The Northern Virginia Daily's Political Depot

A service for our readers outside the Northern Shenandoah Valley... a sampling of The Daily's political coverage, plus unofficial, 'reporter's notebook' stuff. And occasional dry humor...

My Photo
Location: Strasburg, Virginia

Saturday, October 15, 2005

Jewish leaders respond to TV ad; B1

By Garren Shipley
Daily Staff Writer

One of GOP gubernatorial nominee Jerry Kilgore’s new ads amounts to “abuse and exploitation of the Holocaust” and should be pulled from the air immediately, two Virginia Jewish leaders said Friday.

Rabbi Jack Moline of Agudas Achim Congregation in Alexandria and Tommy Baer, a Richmond attorney and former president of the B’nai Brith International, told reporters on a conference call that the former attorney general’s “Stanley” ad goes too far when it refers to Adolf Hitler.

The ad features Stanley Rosenbluth, whose son and daughter-in-law were murdered by Mark Sheppard in 1993. Sheppard was later convicted and executed.

Rosenbluth takes issue with Lt. Gov. Tim Kaine’s legal representation of Sheppard during his post-conviction appeals and the Democratic gubernatorial hopeful’s opposition to the death penalty on principle.

“Tim Kaine says that Adolf Hitler doesn’t qualify for the death penalty,” Rosenbluth says in the ads now running on television and radio stations around the state. “This was the worst mass murderer in modern times.”

Moline, Baer and other Jews take exception to the Hitler reference, the two told reporters on the call arranged by the Kaine campaign.

“I was astonished and astounded,” said Moline, calling on Kilgore to pull the ads and apologize to Kaine and Jews living in the commonwealth.

The ads are “campaign hyperbole at its absolute worst,” Baer said. The one that mentions Hitler “simply doesn’t belong in the public discourse.”

“This was designed to shock, and shock it did,” Baer said. “Abuse and exploitation of the Holocaust for base political purposes ... is sacrilege.”

Editorials that have called the ad “loathsome” are “much too mild,” added Moline.

But Rep. Eric Cantor, R-7th, the highest-ranking Jewish member of Congress, said there’s a big difference between saying someone wouldn’t execute Hitler and saying someone is like Hitler.

“What is offensive to me is that Tim Kaine wouldn’t put Hitler to death,” Cantor said.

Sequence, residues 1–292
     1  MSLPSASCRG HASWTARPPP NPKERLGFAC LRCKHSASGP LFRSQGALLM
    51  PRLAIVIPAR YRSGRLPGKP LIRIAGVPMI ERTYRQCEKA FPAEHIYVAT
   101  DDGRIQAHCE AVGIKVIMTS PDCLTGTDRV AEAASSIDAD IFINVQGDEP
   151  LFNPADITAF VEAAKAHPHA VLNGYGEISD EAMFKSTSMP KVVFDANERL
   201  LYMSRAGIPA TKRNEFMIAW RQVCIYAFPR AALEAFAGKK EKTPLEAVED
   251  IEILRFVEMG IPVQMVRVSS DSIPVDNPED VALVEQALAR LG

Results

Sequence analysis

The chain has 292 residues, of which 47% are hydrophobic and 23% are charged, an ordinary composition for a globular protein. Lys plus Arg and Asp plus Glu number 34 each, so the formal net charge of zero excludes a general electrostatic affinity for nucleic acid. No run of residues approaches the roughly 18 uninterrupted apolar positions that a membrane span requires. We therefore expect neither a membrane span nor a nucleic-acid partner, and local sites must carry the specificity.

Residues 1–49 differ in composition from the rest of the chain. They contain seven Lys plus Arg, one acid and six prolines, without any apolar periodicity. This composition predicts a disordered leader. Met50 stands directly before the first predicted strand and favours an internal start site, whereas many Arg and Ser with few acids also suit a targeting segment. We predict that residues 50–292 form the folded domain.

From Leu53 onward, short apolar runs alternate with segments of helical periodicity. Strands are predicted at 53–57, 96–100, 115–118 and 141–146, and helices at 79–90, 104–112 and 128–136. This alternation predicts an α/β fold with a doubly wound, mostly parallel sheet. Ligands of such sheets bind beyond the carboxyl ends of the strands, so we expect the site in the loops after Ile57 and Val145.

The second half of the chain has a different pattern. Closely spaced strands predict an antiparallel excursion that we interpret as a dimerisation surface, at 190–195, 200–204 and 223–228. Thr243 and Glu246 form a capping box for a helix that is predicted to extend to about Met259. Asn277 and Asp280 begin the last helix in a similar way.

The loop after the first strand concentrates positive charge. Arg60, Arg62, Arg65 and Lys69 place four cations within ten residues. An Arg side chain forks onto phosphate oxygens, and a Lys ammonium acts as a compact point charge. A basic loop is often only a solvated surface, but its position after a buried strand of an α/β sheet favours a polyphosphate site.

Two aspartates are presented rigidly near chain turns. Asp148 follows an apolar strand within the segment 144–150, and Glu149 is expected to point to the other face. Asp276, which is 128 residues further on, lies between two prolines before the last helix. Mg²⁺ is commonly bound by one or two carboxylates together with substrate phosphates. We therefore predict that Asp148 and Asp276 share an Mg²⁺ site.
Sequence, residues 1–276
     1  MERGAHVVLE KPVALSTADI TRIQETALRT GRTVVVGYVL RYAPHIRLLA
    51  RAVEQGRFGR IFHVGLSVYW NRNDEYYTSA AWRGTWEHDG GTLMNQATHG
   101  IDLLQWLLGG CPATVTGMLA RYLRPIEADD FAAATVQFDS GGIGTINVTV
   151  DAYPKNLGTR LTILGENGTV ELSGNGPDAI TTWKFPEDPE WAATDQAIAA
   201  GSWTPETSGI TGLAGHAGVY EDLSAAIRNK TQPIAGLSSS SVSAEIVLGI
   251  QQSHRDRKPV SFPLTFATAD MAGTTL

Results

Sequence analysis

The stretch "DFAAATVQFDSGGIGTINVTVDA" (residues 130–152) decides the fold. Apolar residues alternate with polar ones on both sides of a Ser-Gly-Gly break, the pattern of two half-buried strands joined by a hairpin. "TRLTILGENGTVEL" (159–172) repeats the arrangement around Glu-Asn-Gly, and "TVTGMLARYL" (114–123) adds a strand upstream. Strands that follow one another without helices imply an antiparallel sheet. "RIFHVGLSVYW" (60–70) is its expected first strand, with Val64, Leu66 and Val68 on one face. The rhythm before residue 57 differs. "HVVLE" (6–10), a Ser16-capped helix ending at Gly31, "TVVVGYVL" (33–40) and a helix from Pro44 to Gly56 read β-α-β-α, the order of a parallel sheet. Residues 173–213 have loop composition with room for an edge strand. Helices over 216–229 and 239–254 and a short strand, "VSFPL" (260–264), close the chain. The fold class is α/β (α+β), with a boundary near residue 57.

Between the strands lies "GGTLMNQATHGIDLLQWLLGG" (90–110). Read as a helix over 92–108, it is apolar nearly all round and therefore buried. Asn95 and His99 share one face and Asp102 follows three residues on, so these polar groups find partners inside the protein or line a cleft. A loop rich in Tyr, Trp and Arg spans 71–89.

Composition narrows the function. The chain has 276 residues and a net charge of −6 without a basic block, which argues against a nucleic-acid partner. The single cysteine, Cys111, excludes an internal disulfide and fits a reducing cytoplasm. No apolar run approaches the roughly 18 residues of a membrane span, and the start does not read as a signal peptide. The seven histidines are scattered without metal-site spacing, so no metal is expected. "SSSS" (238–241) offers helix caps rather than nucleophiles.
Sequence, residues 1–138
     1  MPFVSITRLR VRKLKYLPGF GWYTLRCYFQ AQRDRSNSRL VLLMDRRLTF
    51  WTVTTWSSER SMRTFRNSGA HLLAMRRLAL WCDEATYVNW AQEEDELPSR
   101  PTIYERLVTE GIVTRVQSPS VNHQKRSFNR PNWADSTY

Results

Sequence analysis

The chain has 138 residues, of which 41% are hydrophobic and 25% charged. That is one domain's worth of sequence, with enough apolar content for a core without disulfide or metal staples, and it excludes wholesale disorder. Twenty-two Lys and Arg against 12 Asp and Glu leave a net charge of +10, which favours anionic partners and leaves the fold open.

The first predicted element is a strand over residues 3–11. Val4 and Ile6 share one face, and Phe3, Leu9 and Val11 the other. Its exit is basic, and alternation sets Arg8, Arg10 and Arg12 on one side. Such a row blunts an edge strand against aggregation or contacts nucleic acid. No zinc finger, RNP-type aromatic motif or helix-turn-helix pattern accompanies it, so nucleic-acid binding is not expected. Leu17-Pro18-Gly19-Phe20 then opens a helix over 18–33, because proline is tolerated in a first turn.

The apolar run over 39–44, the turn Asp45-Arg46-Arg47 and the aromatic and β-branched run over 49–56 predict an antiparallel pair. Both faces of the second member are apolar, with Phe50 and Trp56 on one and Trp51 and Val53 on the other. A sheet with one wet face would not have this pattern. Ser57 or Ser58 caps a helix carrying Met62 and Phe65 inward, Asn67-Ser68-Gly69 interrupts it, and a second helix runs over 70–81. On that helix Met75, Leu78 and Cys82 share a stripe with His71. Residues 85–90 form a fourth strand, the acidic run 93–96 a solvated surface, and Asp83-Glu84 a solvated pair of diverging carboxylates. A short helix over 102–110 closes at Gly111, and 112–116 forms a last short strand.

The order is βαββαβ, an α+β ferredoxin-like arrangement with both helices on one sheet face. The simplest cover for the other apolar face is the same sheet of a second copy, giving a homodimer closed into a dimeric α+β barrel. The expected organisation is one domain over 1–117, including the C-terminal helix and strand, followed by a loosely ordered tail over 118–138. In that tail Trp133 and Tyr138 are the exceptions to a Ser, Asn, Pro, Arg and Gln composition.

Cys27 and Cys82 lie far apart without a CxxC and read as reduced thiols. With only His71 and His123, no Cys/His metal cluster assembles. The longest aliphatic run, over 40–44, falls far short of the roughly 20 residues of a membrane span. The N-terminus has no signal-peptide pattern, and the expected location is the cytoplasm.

Rosenbluth wasn’t drawing a comparison between the Nazi dictator and anyone, the congressman added. Rather, he mentioned Hitler to show how extreme Kaine’s anti-death penalty position is, by saying that Kaine wouldn’t “put the ultimate killer to death.”

“In my opinion, [the Kaine campaign’s reaction] is nothing more than an attempt to distract from Tim Kaine’s record on the death penalty,” Cantor said.

Neither Baer nor Moline had any comment on the second death penalty ad, which features Kelly Timbrook, the widow of Winchester police Sgt. Ricky Timbrook. Both said they haven’t seen the ad.

Timbrook was shot and killed in 1999 by Edward Bell, who is now on death row.

Response ads by the Kaine campaign have criticized Kilgore for exploiting a widow’s grief, but Timbrook would have none of it.

“I’m surprised that Mr. Kaine would make such a claim,” Timbrook said. “I firmly stand by what I said.”

Kaine defended himself on Thursday, saying he spent a total of 48 minutes working on the Sheppard case, and would have signed the death warrant for the killer had he been governor at the time.

It’s unfair of Kilgore to attack Kaine for representing clients who have committed serious crimes, Baer said. Everyone deserves zealous representation. Strong advocates are what make justice possible.

“He has an absolute ethical obligation” to be an advocate for his clients, he said. “To be critical of Tim Kaine for that is demeaning to our profession.”

But Rosenbluth didn’t back down an inch from his statements in the ad.

“Mr. Kaine represented the man who murdered my son,” Rosenbluth said in an e-mail from Camp Kilgore to reporters. “I don’t care if he spent 30 minutes or 300 hours on the case.”

Jewish opposition to the ad has been slow to emerge, but not because of a lack of outrage, Moline said.

Wednesday evening and Thur-sday were Yom Kippur, the day of atonement and holiest day on the Jewish calendar. It would have been difficult to find Jews anywhere to talk about politics.

“Everybody was in synagogue,” he said, adding that he thought the release of the ad during the Days of Awe was a “conscious decision on the part of the Kilgore campaign.”

The release date “had everything to do with the fact that it was the middle of October and people are starting to pay more attention to the campaign,” countered Kilgore spokesman Tucker Martin.

Election Day is Nov. 8.